Life: Inside the house, the first two-ish weeks were unpleasant. Bathing was difficult (I went with sponge-baths), and carrying, say, a plate of food across the kitchen wasn’t really possible (the crutches required both hands). The remainder of full-weight-bearing and partial-weight-bearing was better, but quite restricted, mostly because I couldn’t walk and carry anything. I used a rolling desk-chair as a makeshift scooter over short distances (the kitchen, e.g.). Here, again, the first six weeks were the most difficult; once I could walk without crutches, life returned to something resembling normal; walking is slow, the boot is uncomfortable, and showers require a chair, but I can more or less follow the normal patterns as far as grocery shopping, cooking, and other domestic basics.

Fitness/exercise: I chose to use this as rest break. I haven’t taken more than 10 days off for several years, and since I can’t do anything fun for several months anyway, I figured some de-conditioning now was fine. After week 2 I started doing a little seated upper work with resistance bands (that can be anchored in a closet or room door), and at week 3 I started spending time on an exercise bike and upper-body-ergometer (an arm cycle, basically) before my physical therapy appointments (1-2x per week). But mostly, the first 8 weeks have been idle. From here on out I’ll be working to get back into decent recreational shape, and will try to post a bit about that. For those who want to get back sooner: the upper-body-ergometer seemed the best bet for conditioning, and I’d recommend trying to find one. Most upper-body-related machines seemed fully accessible too (but I have no taste for those things).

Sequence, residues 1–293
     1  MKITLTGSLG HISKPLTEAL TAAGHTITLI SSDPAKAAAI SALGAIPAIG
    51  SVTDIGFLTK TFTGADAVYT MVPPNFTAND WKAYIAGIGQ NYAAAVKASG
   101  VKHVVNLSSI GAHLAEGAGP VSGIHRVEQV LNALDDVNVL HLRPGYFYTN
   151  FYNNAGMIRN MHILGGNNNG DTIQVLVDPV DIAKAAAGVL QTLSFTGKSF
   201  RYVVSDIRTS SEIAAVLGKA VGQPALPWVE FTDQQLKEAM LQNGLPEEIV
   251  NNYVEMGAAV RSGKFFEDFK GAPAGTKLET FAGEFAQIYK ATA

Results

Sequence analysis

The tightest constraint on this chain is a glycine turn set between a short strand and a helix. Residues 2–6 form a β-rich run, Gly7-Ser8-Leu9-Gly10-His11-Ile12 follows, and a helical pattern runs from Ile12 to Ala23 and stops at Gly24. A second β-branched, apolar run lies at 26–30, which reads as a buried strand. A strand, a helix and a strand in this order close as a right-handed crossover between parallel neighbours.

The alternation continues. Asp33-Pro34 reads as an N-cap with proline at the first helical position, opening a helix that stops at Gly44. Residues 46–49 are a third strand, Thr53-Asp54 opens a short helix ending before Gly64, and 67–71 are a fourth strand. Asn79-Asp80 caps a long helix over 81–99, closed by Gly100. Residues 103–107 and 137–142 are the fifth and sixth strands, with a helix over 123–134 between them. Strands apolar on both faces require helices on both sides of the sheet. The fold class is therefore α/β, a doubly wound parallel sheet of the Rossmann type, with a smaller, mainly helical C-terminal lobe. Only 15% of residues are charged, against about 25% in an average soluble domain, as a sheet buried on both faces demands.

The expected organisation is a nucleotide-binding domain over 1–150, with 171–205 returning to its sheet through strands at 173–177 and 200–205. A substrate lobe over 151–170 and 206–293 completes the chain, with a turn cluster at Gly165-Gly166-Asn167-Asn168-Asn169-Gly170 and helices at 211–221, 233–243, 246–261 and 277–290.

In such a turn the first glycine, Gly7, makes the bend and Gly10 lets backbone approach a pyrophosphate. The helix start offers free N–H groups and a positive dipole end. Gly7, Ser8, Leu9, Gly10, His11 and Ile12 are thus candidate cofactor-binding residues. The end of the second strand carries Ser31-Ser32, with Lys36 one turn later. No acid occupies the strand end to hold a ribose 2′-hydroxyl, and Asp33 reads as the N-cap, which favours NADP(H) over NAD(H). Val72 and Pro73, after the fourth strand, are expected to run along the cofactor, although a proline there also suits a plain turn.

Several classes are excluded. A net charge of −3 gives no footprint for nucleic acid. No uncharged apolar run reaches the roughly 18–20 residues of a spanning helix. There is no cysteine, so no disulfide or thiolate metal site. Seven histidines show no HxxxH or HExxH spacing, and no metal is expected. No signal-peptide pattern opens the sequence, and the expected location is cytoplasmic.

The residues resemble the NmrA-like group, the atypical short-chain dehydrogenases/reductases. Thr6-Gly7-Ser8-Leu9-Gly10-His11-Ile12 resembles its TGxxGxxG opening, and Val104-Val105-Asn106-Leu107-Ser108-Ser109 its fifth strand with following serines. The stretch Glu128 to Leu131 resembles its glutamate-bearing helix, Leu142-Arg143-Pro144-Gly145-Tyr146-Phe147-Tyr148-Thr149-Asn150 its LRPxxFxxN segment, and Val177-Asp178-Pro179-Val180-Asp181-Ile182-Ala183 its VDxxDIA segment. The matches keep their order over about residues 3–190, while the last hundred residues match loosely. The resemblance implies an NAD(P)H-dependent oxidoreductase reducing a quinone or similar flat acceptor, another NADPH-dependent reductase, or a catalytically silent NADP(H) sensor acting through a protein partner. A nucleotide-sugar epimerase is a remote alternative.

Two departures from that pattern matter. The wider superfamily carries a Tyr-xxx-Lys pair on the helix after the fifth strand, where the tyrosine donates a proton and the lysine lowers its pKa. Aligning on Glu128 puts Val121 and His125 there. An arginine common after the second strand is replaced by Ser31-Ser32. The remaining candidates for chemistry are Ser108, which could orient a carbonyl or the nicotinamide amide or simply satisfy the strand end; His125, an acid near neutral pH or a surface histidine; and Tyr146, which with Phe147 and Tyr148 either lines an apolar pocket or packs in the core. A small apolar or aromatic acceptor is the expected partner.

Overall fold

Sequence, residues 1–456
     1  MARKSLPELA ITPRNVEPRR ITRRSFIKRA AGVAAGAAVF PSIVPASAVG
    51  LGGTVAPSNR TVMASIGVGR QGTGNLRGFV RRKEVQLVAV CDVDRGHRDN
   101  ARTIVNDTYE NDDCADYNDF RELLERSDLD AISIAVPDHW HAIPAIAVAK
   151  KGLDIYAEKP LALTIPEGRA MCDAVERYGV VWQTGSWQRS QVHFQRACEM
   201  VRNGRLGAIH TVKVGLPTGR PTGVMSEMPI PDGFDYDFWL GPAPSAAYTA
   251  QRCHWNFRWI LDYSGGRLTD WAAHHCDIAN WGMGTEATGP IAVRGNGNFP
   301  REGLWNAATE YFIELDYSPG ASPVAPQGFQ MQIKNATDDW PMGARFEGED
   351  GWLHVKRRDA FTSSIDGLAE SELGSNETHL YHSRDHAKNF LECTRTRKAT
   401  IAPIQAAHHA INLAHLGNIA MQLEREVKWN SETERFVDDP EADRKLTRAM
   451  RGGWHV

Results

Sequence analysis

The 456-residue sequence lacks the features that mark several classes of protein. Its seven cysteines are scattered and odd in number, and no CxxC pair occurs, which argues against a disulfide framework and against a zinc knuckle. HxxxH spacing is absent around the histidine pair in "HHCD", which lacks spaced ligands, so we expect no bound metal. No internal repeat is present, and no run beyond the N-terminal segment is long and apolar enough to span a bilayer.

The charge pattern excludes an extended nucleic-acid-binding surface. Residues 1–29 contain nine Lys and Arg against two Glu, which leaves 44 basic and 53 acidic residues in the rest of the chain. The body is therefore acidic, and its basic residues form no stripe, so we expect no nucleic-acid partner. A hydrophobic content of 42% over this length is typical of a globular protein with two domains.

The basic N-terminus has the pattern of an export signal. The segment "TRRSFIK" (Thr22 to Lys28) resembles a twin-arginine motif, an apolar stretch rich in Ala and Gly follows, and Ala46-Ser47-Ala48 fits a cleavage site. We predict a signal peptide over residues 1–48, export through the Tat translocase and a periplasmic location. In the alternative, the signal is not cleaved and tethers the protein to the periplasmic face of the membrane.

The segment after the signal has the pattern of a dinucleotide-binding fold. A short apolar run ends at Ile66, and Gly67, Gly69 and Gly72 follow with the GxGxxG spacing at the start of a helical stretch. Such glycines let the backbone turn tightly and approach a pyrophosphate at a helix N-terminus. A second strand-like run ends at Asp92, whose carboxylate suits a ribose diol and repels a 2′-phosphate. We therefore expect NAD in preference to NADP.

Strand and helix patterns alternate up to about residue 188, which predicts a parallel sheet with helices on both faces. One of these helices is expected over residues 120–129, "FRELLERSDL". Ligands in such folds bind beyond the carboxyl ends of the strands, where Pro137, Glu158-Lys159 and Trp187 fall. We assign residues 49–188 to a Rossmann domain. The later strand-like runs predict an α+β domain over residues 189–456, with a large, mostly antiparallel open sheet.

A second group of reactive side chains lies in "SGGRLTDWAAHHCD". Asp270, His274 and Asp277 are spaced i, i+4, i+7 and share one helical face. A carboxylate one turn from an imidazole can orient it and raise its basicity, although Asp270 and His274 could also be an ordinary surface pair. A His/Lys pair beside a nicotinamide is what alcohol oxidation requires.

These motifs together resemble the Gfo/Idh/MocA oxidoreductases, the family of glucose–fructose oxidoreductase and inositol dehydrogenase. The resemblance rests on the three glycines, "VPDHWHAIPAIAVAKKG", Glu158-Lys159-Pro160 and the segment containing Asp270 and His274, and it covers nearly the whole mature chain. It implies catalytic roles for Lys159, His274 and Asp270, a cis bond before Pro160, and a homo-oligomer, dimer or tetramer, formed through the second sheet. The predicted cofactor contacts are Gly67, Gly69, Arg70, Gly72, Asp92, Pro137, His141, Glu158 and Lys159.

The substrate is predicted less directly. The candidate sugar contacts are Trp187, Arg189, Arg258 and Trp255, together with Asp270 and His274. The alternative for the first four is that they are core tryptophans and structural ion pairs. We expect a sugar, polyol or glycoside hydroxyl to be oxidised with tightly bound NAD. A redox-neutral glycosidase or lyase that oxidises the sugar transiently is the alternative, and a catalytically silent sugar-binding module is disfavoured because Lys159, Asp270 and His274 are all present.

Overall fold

Bottom line: The first two weeks seemed like near incapacity. The next four weeks were difficult, but less so. After that, there’s the frustration of being hobbled, but with a little extra time, most of the basics seemed accessible with a bit of extra effort.

Next up: I’m meant to move out of the boot tomorrow-ish, at least in controlled conditions. My foot will barely flex, so I’m not expecting much (aside from the relief of not lugging this thing around).

6 Weeks: Full Weight Bearing (with Boot)

The progression to full weight bearing in the boot went well enough, so I’ve set the crutches aside. That’s let me spend significantly more time on my feet, without much in the way of adverse effects (touch wood). I’ve got a cane, but haven’t needed it much (aside from signaling disability on the train).

The next two weeks will, I hope, see the removal of the heel wedges to put me at neutral. The first one is out and I barely noticed. Guessing I’ll notice the last one, though, because I can’t flex my foot to neutral unassisted.

And I had my second post-op visit last week. The surgeon seemed pleased enough. He confirmed the trajectory from here, more or less: at 8 weeks, the boot comes off (aside from uncontrolled or crowded environments). At 12 weeks, most of the restrictions should be off — and I can start working to regain strength, mobility and balance in earnest. So half-way to that.

It seems at least feasible, now that I’m without crutches, to resume some non-trivial physical activity. The therapist (new and improved) seems to want me to restrict my lower body work to the exercise bike and light theraband work. But I’m going to talk to the folks at my gym about figuring out something more strenuous with the stuff above my waist (it’s a Crossfit affiliate, and there isn’t much I could do there without being able to carry weights about — something I should be able to do now, at least in minimal fashion).